McNeil Nutritionals, the company that markets Splenda sweetener in the US, has filed a court action in the US District Court in Delaware against The Sugar Association, claiming false advertising and deceptive trade practices.

McNeil said the lawsuit, which also names as defendants each of The Sugar Association’s members, and Qorvis Communications, a public relations firm that represents The Sugar Association, was filed in order to stop The Sugar
Association and other defendants from “continuing to make false and misleading claims about the Splenda brand”.

McNeil contends in the lawsuit that, “The Sugar Association and other defendants have knowingly and intentionally made false claims about the Splenda brand that are baseless and that are designed to injure its reputation and goodwill. The complaint seeks injunctive relief and damages for injury caused by defendants’ false advertising campaign to date.”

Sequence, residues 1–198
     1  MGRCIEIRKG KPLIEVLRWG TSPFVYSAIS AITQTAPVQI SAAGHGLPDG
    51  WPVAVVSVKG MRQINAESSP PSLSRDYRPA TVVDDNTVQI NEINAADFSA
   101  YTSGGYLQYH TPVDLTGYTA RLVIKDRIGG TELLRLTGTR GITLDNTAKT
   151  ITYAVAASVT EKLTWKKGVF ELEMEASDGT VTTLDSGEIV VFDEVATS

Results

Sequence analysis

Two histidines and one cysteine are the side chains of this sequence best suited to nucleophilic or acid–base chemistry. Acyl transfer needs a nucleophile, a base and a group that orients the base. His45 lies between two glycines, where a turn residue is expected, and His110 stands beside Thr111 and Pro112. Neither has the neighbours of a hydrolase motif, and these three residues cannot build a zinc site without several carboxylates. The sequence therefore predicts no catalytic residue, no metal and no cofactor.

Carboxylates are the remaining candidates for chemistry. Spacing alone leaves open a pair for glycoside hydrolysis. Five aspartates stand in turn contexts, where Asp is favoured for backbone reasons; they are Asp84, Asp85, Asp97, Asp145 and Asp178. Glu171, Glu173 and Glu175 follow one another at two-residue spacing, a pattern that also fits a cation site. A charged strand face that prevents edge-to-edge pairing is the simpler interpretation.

McNeil said the no calorie sweetener, which has been a success story since its launch in 2000, is the leading sugar alternative in terms of sales in the US. It also said the safety of sucralose, the sweetening ingredient of Splenda, is well documented and the sweetener has been approved for use in the US since 1999, and is also permitted for use in over 80 countries.

In the last few months five lawsuits have been filed against McNeil Nutritionals alleging the company uses deceptive and misleading advertisements and marketing terminology related to Splenda.

The Sugar Association, which filed one of the lawsuits, has said McNeil’s advertising claim that “Splenda is made from sugar, so it tastes like sugar”, leads consumers to think that Splenda is a natural sugar without the calories. 

“We feel the public needs to be aware that Splenda is an artificial chemical sweetener. Splenda is created with chlorine, and the final product does not have sugar in it,” said James Murphy, counsel for The Sugar Association.